My youngest daughter’s life experience has included emotional health challenges from the time she was a little girl. There have been many times throughout her life when she felt like she couldn’t go on. We will be forever grateful to the earthly angels who have been there during those times: sitting with her, listening to her, crying with her, as well as sharing together unique gifts, spiritual understandings, and a mutual relationship of love. In such loving circumstances, burdens have often been lifted on both sides.
Elder Joseph B. Wirthlin, quoting 1 Corinthians, said, “Though I speak with the tongues of men and of angels, and have not charity, I am become as sounding brass, or a tinkling cymbal.”2
“Paul’s message to this new body of Saints was simple and direct: Nothing you do makes much of a difference if you do not have charity. You can speak with tongues, have the gift of prophecy, understand all mysteries, and possess all knowledge; even if you have the faith to move mountains, without charity it won’t profit you at all.
In John we read, “By this shall all men know that ye are my disciples, if ye have love one to another.”4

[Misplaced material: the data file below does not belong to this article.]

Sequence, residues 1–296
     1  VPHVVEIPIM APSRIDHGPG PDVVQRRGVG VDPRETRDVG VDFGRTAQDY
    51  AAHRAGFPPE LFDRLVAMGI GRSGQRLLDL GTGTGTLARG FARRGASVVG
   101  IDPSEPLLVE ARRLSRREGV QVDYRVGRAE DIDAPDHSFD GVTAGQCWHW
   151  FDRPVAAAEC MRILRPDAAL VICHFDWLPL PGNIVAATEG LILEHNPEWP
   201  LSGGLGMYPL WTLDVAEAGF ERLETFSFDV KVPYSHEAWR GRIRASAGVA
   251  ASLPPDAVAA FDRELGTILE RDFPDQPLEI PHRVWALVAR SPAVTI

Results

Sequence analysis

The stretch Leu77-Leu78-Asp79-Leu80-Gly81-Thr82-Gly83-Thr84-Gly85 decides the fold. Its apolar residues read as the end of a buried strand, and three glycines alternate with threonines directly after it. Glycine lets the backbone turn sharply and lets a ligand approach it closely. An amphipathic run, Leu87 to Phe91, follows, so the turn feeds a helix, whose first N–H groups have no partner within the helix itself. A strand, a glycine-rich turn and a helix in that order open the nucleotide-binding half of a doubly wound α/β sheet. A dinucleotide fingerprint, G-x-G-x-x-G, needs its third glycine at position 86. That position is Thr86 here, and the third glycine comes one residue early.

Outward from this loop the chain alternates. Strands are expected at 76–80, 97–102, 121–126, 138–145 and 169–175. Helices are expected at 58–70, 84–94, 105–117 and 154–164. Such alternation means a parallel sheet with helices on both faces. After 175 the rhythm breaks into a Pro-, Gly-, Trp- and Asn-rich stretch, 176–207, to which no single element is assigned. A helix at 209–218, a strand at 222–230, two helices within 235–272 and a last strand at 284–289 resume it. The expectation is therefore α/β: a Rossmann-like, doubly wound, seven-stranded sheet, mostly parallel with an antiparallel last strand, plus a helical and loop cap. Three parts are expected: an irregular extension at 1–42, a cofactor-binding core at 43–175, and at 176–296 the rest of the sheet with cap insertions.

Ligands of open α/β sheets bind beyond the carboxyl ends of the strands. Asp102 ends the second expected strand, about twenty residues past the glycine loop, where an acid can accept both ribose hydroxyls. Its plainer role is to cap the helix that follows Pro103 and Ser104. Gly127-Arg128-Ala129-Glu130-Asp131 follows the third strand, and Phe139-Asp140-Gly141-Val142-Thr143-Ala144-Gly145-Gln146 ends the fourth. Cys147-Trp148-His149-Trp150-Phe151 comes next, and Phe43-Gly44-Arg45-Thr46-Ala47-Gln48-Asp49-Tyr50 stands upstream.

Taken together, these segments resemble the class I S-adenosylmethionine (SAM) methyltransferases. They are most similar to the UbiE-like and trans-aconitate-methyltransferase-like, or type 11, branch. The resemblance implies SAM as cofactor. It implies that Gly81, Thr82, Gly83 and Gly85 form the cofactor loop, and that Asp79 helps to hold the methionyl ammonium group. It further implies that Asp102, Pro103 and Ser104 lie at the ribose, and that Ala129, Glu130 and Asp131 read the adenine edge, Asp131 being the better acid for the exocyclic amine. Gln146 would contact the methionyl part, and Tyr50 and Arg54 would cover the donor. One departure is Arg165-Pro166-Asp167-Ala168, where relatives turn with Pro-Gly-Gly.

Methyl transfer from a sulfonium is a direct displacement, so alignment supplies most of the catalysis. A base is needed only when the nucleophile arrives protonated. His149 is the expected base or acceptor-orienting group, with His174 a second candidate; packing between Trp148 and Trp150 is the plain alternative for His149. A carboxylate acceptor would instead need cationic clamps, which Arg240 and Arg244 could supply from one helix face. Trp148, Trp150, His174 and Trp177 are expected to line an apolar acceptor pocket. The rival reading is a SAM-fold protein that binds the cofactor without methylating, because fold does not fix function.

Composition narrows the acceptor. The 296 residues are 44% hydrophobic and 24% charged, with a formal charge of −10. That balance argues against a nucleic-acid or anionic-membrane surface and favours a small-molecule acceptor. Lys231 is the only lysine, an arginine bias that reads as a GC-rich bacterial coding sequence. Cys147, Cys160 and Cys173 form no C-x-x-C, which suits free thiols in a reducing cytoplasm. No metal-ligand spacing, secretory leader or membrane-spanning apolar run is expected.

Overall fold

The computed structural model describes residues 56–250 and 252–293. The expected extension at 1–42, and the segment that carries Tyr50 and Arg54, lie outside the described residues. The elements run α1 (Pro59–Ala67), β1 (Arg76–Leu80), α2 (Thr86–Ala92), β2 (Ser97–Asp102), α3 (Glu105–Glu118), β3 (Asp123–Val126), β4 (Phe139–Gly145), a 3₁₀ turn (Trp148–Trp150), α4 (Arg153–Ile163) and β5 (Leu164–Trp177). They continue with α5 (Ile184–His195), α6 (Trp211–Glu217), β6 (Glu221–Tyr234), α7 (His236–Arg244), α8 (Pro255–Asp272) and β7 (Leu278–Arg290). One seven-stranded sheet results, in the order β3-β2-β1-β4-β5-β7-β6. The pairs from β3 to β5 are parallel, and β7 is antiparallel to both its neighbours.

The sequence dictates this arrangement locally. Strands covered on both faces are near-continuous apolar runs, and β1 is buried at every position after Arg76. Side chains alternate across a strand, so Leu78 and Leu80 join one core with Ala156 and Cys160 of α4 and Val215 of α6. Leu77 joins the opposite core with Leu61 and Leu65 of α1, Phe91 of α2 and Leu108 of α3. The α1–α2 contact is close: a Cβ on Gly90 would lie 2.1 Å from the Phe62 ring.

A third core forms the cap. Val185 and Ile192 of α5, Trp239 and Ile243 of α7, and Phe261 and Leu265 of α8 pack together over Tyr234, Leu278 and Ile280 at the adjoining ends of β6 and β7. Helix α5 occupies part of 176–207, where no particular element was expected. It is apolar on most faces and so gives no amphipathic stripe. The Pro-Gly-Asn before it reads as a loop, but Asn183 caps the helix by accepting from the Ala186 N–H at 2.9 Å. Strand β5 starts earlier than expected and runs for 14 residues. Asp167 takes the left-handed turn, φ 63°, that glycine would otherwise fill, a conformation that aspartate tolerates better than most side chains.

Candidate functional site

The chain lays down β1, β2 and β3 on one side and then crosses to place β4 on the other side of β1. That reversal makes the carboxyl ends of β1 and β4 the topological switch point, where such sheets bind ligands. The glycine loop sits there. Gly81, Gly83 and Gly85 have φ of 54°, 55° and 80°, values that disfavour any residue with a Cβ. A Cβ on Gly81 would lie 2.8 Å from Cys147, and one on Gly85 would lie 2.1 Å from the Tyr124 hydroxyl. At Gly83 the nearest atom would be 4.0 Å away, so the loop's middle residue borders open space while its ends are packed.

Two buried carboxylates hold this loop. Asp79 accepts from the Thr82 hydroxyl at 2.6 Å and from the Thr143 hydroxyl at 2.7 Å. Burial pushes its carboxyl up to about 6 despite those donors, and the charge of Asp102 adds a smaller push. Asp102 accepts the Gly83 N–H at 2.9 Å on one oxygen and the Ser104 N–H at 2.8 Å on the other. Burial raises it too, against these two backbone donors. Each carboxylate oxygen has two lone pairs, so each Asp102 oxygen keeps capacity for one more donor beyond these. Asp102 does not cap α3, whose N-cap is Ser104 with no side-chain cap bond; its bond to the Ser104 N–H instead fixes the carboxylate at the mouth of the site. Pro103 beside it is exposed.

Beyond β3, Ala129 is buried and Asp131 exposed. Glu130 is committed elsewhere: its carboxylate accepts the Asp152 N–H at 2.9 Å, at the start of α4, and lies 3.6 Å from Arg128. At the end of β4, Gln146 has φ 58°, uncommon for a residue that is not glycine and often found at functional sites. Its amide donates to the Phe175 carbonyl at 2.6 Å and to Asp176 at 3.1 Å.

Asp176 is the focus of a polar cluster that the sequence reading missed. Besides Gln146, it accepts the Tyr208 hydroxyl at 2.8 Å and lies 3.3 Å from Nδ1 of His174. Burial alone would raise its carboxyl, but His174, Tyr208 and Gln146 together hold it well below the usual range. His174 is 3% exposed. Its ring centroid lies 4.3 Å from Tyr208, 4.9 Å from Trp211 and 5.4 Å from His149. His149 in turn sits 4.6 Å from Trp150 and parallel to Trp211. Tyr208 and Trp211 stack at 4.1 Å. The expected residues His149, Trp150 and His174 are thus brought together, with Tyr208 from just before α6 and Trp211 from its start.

Many talks have been given by our Church leaders on charity, unity, love, kindness, compassion, forgiveness, and mercy. I believe the Savior is inviting us to live a higher, holier way5—His way of love where all can feel they truly belong and are needed.
“Come unto me, all ye that labour and are heavy laden, and I will give you rest.
“Take my yoke upon you, and learn of me; …
“For my yoke is easy, and my burden is light.”9
The Savior does not condone sin but offers us His love and extends forgiveness when we repent. To the woman caught in adultery, He said, “Neither do I condemn thee: go, and sin no more.”10 Those He touched felt His love, and that love healed and transformed them. His love inspired them to want to change their lives. Living His way brings joy and peace, and He invited others to that way of living with gentleness, kindness, and love.
Elder Gary E. Stevenson said: “When we confront life’s wind and rainstorms, sickness and injuries, the Lord—our Shepherd, our Caregiver—will nourish us with love and kindness. He will heal our hearts and restore our souls.”11 As followers of Jesus Christ, shouldn’t we do likewise?